Sanofi-Aventis pharmaceutical company by Ray Sahelian, M.D.
February 10 2016


Sanofi SA is a global and diversified healthcare company based in France. The Company focuses on the field of healthcare with six growth platforms: diabetes solutions, human vaccines, innovative drugs, consumer healthcare, emerging markets and animal health.


Sanofi-Aventis is the world's third largest drug maker. Sanofi-Aventis (Euronext: SAN, NYSE: SNY), is headquartered in Paris, France. It is a multinational pharmaceutical company. The company is the world's third or fourth largest pharmaceutical company.


Sanofi-aventis, headquartered in Paris, France, is in the pharmaceutical industry behind Pfizer and GlaxoSmithKline but above Johnson & Johnson, Merck, AstraZeneca and Novartis. Sanofi-Aventis engages in the research, development, manufacturing and marketing of pharmaceutical products for sale principally in the prescription market, but also in OTC. Sanofi-aventis covers 7 therapeutic areas: cardiovascular, thrombosis, oncology, diabetes, central nervous system, internal medicine and vaccines (with its subsidiary Sanofi-Pasteur).

Sanofi-Aventis Medicines

Acomplia anti obesity pill - Sanofi-Aventis has seen strong demand for new obesity pill Acomplia since its launch in Britain in late June, 2006. Acomplia, which switches off brain circuits that make people hungry when they smoke cannabis, is viewed as Sanofi's most important new product, with potential annual sales global of more than $3 billion. As a treatment for obesity, the latest diet-aid drug, Acomplia, produces only moderate weight loss, according to a review of clinical trial results in October 2006. Acomplia, made by Sanofi-Aventis, is known generically as rimonabant. It was approved for use in the European Union earlier in 2006.
   2006 - Sanofi-Aventis's new obesity pill Acomplia is selling well in Britain and Ireland. In Germany, however, insurers have dismissed Acomplia as a "lifestyle" treatment and are refusing reimbursement. Acomplia switches off the same brain circuits that make people hungry when they smoke cannabis.
   2006 - Acomplia (rimonabant) is approved in Mexico to treat obese/overweight patients with associated type 2 diabetes or dyslipidemia or to help them improve glycemic control on background of conventional antidiabetic treatment
   2008 - The Sanofi-Aventis weight loss drug rimonabant does not slow heart disease in obese patients with fat around the middle, and it significantly increases the risk of anxiety and depression. More than 40 percent of patients who take Acomplia, develop psychiatric problems.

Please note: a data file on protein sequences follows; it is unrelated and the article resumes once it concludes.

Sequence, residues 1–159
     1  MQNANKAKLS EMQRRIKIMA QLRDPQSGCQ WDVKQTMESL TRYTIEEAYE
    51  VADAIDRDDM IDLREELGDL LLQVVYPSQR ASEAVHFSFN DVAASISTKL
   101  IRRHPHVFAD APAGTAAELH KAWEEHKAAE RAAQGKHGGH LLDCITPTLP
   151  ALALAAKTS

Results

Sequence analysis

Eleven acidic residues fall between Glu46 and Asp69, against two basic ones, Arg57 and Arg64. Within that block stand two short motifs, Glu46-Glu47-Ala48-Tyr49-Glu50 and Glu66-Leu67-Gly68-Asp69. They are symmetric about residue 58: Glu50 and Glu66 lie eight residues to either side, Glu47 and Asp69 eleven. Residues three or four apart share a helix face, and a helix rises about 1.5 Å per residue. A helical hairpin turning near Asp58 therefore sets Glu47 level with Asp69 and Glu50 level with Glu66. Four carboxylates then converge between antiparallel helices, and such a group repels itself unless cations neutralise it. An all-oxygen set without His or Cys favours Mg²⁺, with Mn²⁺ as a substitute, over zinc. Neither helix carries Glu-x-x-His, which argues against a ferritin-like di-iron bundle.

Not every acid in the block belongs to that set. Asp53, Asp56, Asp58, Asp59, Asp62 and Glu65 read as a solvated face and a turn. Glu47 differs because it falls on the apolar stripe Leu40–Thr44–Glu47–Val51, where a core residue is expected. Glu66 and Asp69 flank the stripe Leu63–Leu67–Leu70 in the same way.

2008 - Sanofi-Aventis SA's weight-loss drug Acomplia has been linked to five deaths and 720 adverse drug reactions in Britain since its launch in 2006. Rimonabant was once seen as a multibillion-dollar seller for the French company but its future has been under a cloud since a panel of U.S. experts rejected it in 2007, amid fears it may cause suicidal thoughts.

Actonel by Sanofi-Aventis competes with Fosamax from Merck

Eloxatin cancer drug
Gardasil vaccine - Sanofi-Aventis expects sales of Gardasil, the cervical cancer vaccine it has developed with Merck & Co Inc, to reach as much as 1 billion euros ($1.3 billion) in Europe. Gardasil is a three-dose vaccine that prevents cervical cancer by protecting against the sexually transmitted human papilloma virus (HPV) which causes most cases of cervical cancer and is the second most common cause of death from cancer after breast cancer.
Plavix - A Canadian company little known outside its home country has moved to the forefront in the battle to get cheaper medicines to the public by launching a generic version of the world's second biggest-selling drug. Privately held Apotex Inc. said in August, 2006 that it had launched a generic version of the anti-clotting drug Plavix, which generates annual U.S. sales of about $4 billion for Bristol-Myers Squibb Co. and France's Sanofi-Aventis.

Taxotere cancer drug - In April 2009, FDA regulators cited Sanofi-Aventis SA for circulating a reprinted journal article that overstated the benefits of its breast cancer drug Taxotere. A copy of an article from the Journal of Clinical Oncology described a study of the drug but is "false or misleading" because it makes unsubstantiated claims about Taxotere's benefits over rival drug paclitaxel. Paclitaxel is sold generically by a variety of makers as well as by Bristol-Myers Squibb Co under the brand name Taxol. "These claims misleadingly suggest that Taxotere is superior to paclitaxel in the treatment of patients with locally advanced or metastatic breast cancer after failure of prior chemotherapy, and overstate the efficacy of Taxotere. FDA is unaware of substantial evidence to support these claims," the FDA wrote.